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Write a Simplified Version of Pac-Man using Console Output in C++

Pac-Man is a classic arcade game loved by many. In this guide, we'll walk you through creating a simplified version of Pac-Man using C++ and console output. This project is a fantastic way to learn the basics of game development, including user input handling, game logic, and rendering. Whether you're a beginner looking to start your programming journey or an experienced coder interested in exploring game development, this guide will provide valuable insights and hands-on experience in crafting your own gaming experience.

C++ Console Game Development: Building Pac-Man

Explore our comprehensive guide on how to write a simplified version of Pac-Man using console output in C++. This is not only a fun programming exercise but also a valuable resource for those looking to enhance their C++ skills. Whether you're here to learn game development or seeking assistance to write your C++ assignment, our step-by-step instructions will guide you through the process.


Before we dive into the code, ensure you have the following prerequisites:

  1. A basic understanding of C++ programming.
  2. A C++ compiler installed on your system (e.g., GCC or Visual Studio).
  3. Basic familiarity with console input and output.

Setting Up the Game

Let's start by setting up our game. Here's the essential code for initialization and setup:

```cpp #include #include // For _kbhit() and _getch() using namespace std; const int width = 20; const int height = 10; int pacmanX, pacmanY; int fruitX, fruitY; bool gameOver; int score; enum Direction { STOP = 0, LEFT, RIGHT, UP, DOWN }; Direction dir; void Setup() { // Initialize game variables gameOver = false; dir = STOP; pacmanX = width / 2; pacmanY = height / 2; fruitX = rand() % width; fruitY = rand() % height; score = 0; } ```

In the `Setup()` function, we set up the initial game state, including Pac-Man's starting position, fruit's random placement, and the score.

Rendering the Game

To display our game on the console, we'll create a rendering function called `Draw()`. This function draws the game board, Pac-Man, fruit, and other elements:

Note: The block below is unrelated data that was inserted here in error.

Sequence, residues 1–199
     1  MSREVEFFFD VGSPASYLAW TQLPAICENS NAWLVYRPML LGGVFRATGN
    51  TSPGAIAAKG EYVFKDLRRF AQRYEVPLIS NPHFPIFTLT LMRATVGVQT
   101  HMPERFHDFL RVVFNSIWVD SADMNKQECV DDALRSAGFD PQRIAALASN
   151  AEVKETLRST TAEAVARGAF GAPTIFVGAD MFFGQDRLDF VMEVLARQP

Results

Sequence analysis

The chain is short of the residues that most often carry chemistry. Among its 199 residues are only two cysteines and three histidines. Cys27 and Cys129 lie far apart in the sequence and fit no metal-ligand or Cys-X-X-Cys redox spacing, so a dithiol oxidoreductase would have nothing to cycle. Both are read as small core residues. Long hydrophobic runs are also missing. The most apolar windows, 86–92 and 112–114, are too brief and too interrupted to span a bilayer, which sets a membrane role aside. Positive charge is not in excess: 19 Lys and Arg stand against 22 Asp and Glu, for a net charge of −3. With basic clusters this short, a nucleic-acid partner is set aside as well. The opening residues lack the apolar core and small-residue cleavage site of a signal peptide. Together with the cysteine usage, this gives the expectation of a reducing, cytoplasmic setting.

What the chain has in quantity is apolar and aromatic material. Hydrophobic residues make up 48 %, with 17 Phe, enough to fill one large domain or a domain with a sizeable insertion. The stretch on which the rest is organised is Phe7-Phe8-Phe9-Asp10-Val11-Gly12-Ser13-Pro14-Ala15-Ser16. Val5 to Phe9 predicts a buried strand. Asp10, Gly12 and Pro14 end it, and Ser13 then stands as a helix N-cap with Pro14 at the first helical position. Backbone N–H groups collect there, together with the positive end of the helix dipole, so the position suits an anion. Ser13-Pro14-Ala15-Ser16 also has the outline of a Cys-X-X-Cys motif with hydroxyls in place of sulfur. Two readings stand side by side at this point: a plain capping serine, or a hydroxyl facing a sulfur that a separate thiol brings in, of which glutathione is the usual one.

```cpp void Draw() { system("cls"); // Clear the console // Draw the top wall for (int i = 0; i < width + 2; i++) { cout << "#"; } cout << endl; // Draw the game board for (int i = 0; i < height; i++) { for (int j = 0; j < width; j++) { // Draw Pac-Man, fruit, or empty space // ... // Draw the left and right walls if (j == 0 || j == width - 1) { cout << "#"; } } cout << endl; } // Draw the bottom wall for (int i = 0; i < width + 2; i++) { cout << "#"; } cout << endl; // Display the score cout << "Score:" << score << endl; } ```

The `Draw()` function clears the console, draws the game elements, walls, and the current score.

Handling User Input

To make Pac-Man move, we need to handle user input. The `Input()` function listens for keyboard input using `_kbhit()` and `_getch()`:

```cpp void Input() { if (_kbhit()) { switch (_getch()) { case 'a': dir = LEFT; break; case 'd': dir = RIGHT; break; case 'w': dir = UP; break; case 's': dir = DOWN; break; case 'x': gameOver = true; break; } } } ```

This function sets the direction of Pac-Man based on the user's keyboard input.

Game Logic

The `Logic()` function updates the game logic, including Pac-Man's movement and collision detection with the fruit:

```cpp void Logic() { switch (dir) { case LEFT: pacmanX--; break; case RIGHT: pacmanX++; break; case UP: pacmanY--; break; case DOWN: pacmanY++; break; } // Collision with fruit if (pacmanX == fruitX && pacmanY == fruitY) { score += 10; fruitX = rand() % width; fruitY = rand() % height; } // Game over condition if (pacmanX <= 0 || pacmanX >= width - 1 || pacmanY <= 0 || pacmanY >= height - 1) { gameOver = true; } } ```

The `Logic()` function handles Pac-Man's movement and checks for collisions with the fruit and game-over conditions.

Main Game Loop

Finally, the `main()` function contains the main game loop that continuously updates, redraws, and handles player input until the game is over:

```cpp int main() { Setup(); while (!gameOver) { Draw(); Input(); Logic(); } return 0; } ```

This loop keeps the game running until the player decides to quit or meets the game-over conditions.


Creating a simplified version of Pac-Man in C++ is a fun and educational project. You can expand on this foundation by adding features like ghosts, levels, and enhanced graphics, allowing you to unleash your creativity and take your game development skills to the next level. Whether you're building games for personal enjoyment or pursuing a career in game development, the skills you've acquired in this guide will serve as a solid stepping stone for your future projects. Happy coding!